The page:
Richard & Bob: 3-D is an odd choice for a musical but I am always eager to see a movie as it was intended to be shown. Cole Porter was constantly getting his best rhymes shredded by Hollywood, but the dancing often conveys what's missing in the lyrics. Except for Brush Up Your Shakespeare, where the actors are just mugging their way through it.

Noel: 'Twas the merest oversight, I do swear it! I will add your link, good fellow.

Noel Vera said...

Good lady, m'most profuse thanks!

Julia said...

The DVD we have has the Coriolanus line. And yes, it was remarkable in 3D

Kevin Wolf said...

I've never been able to warm up to this movie, except in bits and pieces. "Too Darn Hot," for instance.

Kathryn Grayson does absolutely nothing for me, which of course is another problem.

But I'm a musical fool and, back when I had cable if TCM showed this, I'd watch it anyway.

maurinsky said...

3. Bob Fosse and Carol Haney, dancing to his choreography in "From This Moment On" (a song that was not in the show). There are no words for the coolness of that minute and a half. The whole movie screeches to a halt, as you think, where did that come from? My god, who are those dancers? How do I get to see more of them? You feel like you just watched something revolutionary, and indeed you did.

Hells yes, I will never forget the first time I saw this movie, I was probably 9 or 10 years old, and that brief snippet of dance from Fosse and Haney killed me - brilliant and sexy as hell.

Oh, and Fosse gets to do a lot more dancing (and turns out to be a pretty likable actor) in the very underrated/underseen "My Sister Eileen"

I particularly love the dance battle between Fosse and Tommy Rall (Bill Calhoun in Kiss Me, Kate).

BTW, this is the first time I've read this blog, but definitely not the last!

The Siren said...

julia, are you sure? Well, it wouldn't surprise me. For years I have been convinced it wasn't there, but it would not be the first time my memory deceived me. This was one of the few pieces I wrote without re-watching the movie, since I had seen it so often.

Kevin, Grayson is an acquired taste, along the saccharine lines of June Allyson. But while Allyson makes me spring for the remote every time, Grayson always goes down easy. I have no deep critical thoughts as to why this should be so, but it may be this movie, where Grayson gets to be good and bitchy, sustains me while I am watching her duet with Mario Lanza.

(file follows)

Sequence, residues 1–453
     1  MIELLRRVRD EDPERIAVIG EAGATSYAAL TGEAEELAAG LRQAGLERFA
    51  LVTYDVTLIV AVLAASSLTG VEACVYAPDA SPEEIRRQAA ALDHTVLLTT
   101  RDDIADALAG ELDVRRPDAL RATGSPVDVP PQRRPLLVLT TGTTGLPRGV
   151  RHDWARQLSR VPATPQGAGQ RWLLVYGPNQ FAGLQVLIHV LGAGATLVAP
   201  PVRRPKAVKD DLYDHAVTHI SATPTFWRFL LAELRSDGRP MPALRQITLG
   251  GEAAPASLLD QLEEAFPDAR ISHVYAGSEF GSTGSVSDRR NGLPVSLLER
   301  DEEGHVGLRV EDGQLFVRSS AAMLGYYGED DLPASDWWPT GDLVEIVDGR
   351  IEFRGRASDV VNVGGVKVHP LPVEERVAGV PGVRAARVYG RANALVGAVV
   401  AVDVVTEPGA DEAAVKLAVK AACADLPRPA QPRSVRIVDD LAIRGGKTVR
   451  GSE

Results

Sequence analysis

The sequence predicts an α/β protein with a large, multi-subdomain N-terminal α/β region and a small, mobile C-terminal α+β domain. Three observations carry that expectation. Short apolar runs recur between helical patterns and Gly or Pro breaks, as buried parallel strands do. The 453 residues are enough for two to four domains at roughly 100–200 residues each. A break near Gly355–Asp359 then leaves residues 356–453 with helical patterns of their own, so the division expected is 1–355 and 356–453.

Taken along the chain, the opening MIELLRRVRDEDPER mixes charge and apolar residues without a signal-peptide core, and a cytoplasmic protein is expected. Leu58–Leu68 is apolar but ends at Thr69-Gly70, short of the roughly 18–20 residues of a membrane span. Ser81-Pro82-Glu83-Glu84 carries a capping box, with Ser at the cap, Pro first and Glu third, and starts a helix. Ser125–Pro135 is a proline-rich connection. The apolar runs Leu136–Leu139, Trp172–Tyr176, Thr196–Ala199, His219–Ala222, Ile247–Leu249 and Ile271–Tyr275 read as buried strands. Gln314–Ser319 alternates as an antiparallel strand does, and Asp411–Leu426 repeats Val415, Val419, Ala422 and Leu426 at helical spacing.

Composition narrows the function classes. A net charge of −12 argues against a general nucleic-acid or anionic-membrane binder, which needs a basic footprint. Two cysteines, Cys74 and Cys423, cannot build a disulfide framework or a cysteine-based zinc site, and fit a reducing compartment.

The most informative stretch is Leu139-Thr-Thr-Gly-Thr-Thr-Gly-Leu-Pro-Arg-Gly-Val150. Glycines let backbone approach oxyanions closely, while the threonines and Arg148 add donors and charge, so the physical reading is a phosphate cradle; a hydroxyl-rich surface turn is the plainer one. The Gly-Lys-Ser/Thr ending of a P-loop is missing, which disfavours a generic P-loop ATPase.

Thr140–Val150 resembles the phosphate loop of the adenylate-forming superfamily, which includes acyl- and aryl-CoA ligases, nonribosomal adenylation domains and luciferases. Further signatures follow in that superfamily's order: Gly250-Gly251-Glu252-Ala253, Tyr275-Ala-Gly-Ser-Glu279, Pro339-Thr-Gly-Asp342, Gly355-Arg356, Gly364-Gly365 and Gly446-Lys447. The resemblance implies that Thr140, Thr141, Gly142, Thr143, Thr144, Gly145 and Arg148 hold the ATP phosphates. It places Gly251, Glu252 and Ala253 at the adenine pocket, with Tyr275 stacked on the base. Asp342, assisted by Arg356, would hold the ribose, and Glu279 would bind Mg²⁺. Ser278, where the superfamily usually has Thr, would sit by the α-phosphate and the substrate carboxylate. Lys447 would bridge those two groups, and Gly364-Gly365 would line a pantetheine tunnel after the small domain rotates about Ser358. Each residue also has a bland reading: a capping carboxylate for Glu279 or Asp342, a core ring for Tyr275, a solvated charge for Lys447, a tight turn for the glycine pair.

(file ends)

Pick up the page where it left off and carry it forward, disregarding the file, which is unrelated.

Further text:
Maurinsky, welcome and I hope you do return. For years I gave My Sister Eileen short shrift because I preferred Wonderful Town, but sounds like I need to revisit it.

maurinsky said...

For years I gave My Sister Eileen short shrift because I preferred Wonderful Town, but sounds like I need to revisit it.

It's not a great musical, honestly - the end sort of degenerates into chaos - fun chaos, but chaos. For me, the highlight of the movie is definitely the Fosse/Rall dance number. It's worth watching just for that.

There is another dance in the movie with Janet Leigh, Betty Garrett, Tommy Rall and Bob Fosse and it doesn't work quite as well, IMO, but I think that's because Fosse's choreography is so focused on small movements and it was filmed like it was a big grand dance number. That was a directing mistake.

Hazel said...

Personally, the two things I love about Kiss Me Kate are Howard Keel in tights and Kathryn Grayson's vigorous version of "I Hate Men": "He may have hair upon his chest but, sister, so has Lassie!".

The Siren said...

Grayson has real zest in this movie. It was a nice change from her usual sweet-fragrant-flower roles. She really seemed to enjoy letting loose as Lilli.

And Keel was a handsome guy, definitely.

surly hack said...

I was lucky enough to see a 3-D re-release, and it is even more fun with the in-your-face dimensionality.

A local theatre once showed Dial M For Murder in its original two-projector 3-D glory, and it is fascinating to see Hitchcock subtly use the process on that stagy production, saving the gotcha 3-D effect for the big moment when Grace Kelly reaches back for the scissors.

The Siren said...

Surly, you are really going through the old stuff now, LOL! God I would LOVE to see Dial M in 3-D because I think the acting plays quite well, but visually it's mostly pretty boring, one of the few Hitchcocks you can say that about. I would like to see how much the 3-D alters that.